Middle-aged warned of misery over mortgages
Longer-term repayment deals threaten to push homeowners into poverty in retirement years
Published 04/12/2016 | 02:30
Middle-aged homeowners who take on a 30-year mortgage - which can push repayments into their 70s - risk a poverty-stricken old age.
Financial experts warn that as the country's pension crisis deepens, the 'double whammy' of also having high home loan bills will tip many older couples into huge debt.
Latest trends confirm the growth of mortgages with a 30-year repayment liability - because a growing number of new house purchasers are incapable of meeting the standard 20-year repayment programme.
Latest Central Bank figures show the age of the typical first-time buyer continues to rise. In 2006 it was 29 - but by last year it had risen to 34.
Experts said this could rise even more dramatically in the next few years, as average income levels become increasingly out of line with house prices in Dublin and other key urban centres.
This means that many borrowers who sign up for 'super term' mortgages, which can take up to 35 years to repay, will be saddled with a lifetime of debt, which may run well into their retirement years.
This type of mortgage is particularly tempting in the short term as it stretches the loan out over a longer period, thereby reducing the monthly repayment figure. However, the overall amount of interest that the borrower must repay is considerably more than if it was a traditional 20-year loan.
While no centralised statistical data has been compiled by agencies such as the Central Bank, a number of financial experts said there was "clear-cut evidence" of hard-pressed homeowners "stringing out" their mortgage repayment deals for a minimum of 30 years.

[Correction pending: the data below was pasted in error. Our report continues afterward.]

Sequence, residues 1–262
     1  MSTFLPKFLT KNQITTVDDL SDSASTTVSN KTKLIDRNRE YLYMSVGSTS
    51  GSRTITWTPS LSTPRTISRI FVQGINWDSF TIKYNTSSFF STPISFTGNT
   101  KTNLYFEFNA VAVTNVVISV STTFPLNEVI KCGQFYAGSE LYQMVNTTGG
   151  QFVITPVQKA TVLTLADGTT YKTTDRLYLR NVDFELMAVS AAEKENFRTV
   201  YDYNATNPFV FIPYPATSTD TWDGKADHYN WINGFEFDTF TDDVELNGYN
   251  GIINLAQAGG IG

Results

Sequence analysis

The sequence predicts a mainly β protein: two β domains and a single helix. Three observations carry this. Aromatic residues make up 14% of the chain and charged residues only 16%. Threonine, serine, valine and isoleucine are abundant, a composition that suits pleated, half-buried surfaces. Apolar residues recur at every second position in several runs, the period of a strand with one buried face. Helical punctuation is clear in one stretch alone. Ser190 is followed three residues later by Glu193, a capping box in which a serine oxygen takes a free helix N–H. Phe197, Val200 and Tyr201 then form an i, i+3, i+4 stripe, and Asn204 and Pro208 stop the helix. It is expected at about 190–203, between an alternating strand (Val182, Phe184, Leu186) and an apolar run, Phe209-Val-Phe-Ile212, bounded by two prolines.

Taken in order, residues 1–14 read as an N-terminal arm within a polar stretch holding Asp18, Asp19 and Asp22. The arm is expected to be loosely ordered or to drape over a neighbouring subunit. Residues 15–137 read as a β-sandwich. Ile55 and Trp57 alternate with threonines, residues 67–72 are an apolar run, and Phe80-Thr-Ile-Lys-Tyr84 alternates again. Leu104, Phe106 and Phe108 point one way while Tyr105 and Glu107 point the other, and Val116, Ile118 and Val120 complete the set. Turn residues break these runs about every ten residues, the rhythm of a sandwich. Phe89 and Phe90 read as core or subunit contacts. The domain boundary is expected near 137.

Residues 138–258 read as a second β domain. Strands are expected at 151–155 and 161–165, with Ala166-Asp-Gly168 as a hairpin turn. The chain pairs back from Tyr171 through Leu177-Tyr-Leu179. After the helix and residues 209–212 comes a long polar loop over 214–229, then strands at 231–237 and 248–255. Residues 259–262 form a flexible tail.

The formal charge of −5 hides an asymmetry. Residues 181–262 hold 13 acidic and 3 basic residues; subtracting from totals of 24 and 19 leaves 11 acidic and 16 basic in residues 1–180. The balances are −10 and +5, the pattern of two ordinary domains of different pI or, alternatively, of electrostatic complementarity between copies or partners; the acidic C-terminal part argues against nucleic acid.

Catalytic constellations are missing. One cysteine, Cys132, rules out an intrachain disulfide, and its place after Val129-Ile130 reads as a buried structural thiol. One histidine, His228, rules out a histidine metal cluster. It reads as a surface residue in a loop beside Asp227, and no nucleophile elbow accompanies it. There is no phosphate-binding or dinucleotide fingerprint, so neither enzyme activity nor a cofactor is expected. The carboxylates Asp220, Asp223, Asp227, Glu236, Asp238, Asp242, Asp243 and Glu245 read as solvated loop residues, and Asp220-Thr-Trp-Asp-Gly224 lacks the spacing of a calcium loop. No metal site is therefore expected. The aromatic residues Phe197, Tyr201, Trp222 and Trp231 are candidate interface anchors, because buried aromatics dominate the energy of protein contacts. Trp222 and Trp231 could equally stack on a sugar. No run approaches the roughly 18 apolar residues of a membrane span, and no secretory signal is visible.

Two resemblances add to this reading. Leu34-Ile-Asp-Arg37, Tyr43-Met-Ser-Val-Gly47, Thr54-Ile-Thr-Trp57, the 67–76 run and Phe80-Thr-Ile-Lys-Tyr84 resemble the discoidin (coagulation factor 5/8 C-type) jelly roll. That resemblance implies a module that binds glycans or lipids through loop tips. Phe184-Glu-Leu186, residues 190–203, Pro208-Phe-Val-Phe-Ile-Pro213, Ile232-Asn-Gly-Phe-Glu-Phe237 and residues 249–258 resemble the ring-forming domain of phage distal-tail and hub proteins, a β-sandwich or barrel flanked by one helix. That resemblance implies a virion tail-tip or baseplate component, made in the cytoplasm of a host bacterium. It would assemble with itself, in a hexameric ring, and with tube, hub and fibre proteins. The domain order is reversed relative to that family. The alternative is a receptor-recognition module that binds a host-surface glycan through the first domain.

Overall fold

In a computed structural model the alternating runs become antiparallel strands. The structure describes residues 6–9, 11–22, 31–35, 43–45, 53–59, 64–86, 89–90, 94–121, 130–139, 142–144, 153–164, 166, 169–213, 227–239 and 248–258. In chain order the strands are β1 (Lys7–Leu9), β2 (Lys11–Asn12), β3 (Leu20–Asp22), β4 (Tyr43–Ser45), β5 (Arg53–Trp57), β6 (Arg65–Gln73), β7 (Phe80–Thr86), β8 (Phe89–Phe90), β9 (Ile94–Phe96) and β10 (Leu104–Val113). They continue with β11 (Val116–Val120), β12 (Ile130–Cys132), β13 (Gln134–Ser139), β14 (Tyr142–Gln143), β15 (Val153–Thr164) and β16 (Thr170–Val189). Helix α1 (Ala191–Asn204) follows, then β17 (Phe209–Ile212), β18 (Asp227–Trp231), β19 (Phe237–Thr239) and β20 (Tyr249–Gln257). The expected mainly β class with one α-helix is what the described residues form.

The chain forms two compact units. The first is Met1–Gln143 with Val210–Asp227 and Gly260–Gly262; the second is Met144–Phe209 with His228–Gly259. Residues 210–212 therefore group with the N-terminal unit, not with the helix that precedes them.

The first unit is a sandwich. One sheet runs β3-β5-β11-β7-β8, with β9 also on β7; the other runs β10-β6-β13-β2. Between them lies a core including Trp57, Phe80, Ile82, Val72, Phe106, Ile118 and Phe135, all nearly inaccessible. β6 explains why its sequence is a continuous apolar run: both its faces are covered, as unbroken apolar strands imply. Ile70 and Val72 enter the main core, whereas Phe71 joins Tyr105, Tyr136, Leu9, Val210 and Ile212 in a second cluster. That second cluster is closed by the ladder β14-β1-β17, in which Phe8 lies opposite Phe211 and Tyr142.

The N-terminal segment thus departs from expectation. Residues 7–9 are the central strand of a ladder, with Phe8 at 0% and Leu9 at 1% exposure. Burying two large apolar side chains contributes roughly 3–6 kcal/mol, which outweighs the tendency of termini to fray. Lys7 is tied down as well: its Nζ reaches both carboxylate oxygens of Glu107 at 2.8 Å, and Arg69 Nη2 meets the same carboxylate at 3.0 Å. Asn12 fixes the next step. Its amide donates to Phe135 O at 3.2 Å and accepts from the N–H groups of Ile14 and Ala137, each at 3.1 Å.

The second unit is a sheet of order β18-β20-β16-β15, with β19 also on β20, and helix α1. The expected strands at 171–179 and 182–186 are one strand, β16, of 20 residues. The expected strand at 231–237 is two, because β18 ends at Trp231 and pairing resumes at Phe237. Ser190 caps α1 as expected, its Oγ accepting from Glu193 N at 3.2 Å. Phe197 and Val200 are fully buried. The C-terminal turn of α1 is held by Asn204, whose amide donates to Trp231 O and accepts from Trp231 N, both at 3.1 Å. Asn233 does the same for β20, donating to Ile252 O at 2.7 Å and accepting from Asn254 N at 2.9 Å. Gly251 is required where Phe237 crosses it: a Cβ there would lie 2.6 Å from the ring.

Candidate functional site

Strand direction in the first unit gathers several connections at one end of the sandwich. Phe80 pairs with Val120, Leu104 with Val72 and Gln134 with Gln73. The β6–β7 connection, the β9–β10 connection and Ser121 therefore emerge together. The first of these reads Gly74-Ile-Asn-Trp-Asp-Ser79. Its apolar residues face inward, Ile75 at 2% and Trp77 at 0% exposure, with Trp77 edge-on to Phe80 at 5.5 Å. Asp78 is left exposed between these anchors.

Property expert and market commentator Philip Farrell said that up to now the "cut-off point" for repayments was between the age of 68 and 70. "But that's going to come under severe pressure because people are living longer. The average age when a mortgage is finally paid off is increasing all the time," he said.
"Normally it would be 65, but I see that figure increasing as the average lifespan increases. The cut-off point age is likely to creep up to 71, 72 and 73 over the coming years.
"Another factor which people should take into account is that many pension pots may be less than expected."
Farrell warned that a combination of financial pressures would mean a growing number of older borrowers would have no option but to remain in the workforce. "Of course many people are also able to work longer because of medical advances," he added.
Chief executive of the Irish Association of Pension Funds (IAPF) Jerry Moriarty said it was concerning that some lenders were extending repayments for borrowers who might no longer be earning a salary. He also warned that concerns over the value of traditional pension arrangements needed to be taken into consideration when deciding older people's capacity to repay mortgages.
"It's always a concern when you're pushing something beyond the age at which people are likely to be earning a salary," he said. "Most people are going to be in defined contribution plans which means what you get in retirement depends on the funds you've built up, and what market conditions are like at a given time. So it's very hard to be definitive about what you'll be getting in the future."
In a statement, the Central Bank said it did not have "specific guidelines or requirements" regarding 30-year mortgages - or deals with longer repayment periods.
Meanwhile, Minister for Public Expenditure Paschal Donohoe has called on the private sector to allow workers to continue in employment beyond the normal retirement age of 65. He said that if increases in the age at which people qualified for State pensions were not matched by longer working lives, future incomes for retirees would become an increasingly pressing issue.